SB: That is always the case. Our architecture survives its creators, also because years can pass between the project to the building yard. For example, we won a restoration project for a school in Flanders in 2014 which, if everything goes to plan, will be completed in 2024/2026. Delays in authorisation, delays in payments and then, when you start up again, you do in a hurry. In the meantime, your life has perhaps changed, and you have also grown older.

PN: Who thought up the “don’t kill” neon?
SB: It is a piece by Fabrizio Dusi along with other messages from Primo Levi’s book If this is a Man.

PN: Are you hanging out in Portanuova?
SB: At the moment we have a building yard in progress for an apartment. When we go, even if we’re off work, we are always surprised by its success. Because Piazza Gae Aulenti is elevated: there are stairs, homogeneous borders, elements that should discourage entry. And despite this it is pleasing, in particular it is popular with the young. Maybe because Milan is a city without squares, all roundabouts, pavements and large crossroads, like Porta Venezia.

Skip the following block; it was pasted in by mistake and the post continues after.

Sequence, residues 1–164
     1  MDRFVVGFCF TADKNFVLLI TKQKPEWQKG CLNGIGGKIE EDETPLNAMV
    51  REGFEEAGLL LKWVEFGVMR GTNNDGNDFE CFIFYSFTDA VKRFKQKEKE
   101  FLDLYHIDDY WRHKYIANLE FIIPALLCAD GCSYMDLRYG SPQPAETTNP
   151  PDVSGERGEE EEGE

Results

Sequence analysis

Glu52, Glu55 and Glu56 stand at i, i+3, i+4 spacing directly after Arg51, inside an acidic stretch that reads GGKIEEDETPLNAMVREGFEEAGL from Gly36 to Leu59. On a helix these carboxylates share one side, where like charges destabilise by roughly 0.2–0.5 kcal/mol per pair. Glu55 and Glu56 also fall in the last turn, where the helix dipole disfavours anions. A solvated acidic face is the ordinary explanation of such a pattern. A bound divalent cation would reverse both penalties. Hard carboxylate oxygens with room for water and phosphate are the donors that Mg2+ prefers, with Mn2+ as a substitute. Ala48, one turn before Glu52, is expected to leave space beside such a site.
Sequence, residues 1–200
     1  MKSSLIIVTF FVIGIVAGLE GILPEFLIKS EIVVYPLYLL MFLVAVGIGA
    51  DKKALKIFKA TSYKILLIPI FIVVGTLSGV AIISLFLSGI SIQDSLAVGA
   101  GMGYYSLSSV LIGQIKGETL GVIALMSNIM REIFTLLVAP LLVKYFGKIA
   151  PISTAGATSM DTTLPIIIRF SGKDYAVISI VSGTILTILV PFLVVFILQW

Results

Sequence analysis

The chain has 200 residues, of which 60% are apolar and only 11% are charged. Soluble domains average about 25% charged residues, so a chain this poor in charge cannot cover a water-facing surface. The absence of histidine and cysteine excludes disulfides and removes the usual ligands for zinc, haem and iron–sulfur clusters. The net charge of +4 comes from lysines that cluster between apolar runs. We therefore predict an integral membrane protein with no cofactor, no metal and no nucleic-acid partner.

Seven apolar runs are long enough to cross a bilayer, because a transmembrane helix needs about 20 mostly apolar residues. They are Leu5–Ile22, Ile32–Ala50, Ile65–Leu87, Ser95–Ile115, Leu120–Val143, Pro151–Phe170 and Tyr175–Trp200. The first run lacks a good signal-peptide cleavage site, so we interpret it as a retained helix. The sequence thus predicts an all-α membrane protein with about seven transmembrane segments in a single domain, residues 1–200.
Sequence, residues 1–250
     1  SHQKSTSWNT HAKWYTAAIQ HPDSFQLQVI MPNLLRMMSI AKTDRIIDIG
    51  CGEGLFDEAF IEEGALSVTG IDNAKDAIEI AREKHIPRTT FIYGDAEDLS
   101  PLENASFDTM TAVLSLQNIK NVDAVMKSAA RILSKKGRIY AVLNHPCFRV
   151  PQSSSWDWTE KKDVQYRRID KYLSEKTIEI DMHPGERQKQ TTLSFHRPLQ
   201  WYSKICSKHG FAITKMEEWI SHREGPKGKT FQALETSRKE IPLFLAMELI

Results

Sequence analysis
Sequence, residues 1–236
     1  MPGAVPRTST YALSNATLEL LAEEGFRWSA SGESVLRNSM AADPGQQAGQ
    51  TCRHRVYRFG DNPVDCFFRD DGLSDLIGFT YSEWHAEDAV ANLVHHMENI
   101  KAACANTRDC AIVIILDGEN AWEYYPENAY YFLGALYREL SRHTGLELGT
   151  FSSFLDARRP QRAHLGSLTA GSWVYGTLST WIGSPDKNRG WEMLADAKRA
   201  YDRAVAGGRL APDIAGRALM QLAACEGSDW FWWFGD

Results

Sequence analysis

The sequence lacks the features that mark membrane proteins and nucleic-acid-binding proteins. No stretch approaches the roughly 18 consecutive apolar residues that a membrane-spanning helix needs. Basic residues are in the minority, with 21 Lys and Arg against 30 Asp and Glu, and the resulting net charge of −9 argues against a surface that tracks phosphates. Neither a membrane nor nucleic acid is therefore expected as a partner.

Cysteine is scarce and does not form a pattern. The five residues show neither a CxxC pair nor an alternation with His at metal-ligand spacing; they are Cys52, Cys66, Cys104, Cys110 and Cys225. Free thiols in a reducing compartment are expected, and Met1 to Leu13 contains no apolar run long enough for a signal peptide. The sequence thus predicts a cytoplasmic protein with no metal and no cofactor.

PN: Imagine you have a blank sheet of paper and an unlimited budget. What would you build and where in Portanuova?
SB: Nothing. There is not much need to build if there is a lot of space. For example, in Berlin, they turned a public park into an airport without laying a single brick. The 20th century is over, the mechanisms of construction and reconstruction are no longer sustainable; continuing to do the same things we did in 1964 or 1992 isn’t okay anymore.

baukuh.it

Photo by Stefano Graziani